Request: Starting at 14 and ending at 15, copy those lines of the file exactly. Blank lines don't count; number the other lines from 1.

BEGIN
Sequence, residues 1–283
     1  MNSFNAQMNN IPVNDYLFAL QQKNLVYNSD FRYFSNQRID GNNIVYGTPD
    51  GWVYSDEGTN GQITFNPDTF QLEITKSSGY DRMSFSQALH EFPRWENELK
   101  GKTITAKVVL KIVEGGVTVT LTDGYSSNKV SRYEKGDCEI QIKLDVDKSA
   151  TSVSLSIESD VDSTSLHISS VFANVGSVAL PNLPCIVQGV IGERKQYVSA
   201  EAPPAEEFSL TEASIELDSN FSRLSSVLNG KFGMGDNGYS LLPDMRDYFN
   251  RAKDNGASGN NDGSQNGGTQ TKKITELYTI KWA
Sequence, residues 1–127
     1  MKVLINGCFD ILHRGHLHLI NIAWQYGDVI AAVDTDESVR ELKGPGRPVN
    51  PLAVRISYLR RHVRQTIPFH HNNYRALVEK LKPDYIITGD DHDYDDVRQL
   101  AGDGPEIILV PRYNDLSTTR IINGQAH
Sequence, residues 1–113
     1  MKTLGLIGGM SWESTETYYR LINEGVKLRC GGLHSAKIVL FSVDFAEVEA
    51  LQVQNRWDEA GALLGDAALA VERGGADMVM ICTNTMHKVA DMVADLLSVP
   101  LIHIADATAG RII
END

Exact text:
    51  LQVQNRWDEA GALLGDAALA VERGGADMVM ICTNTMHKVA DMVADLLSVP
   101  LIHIADATAG RII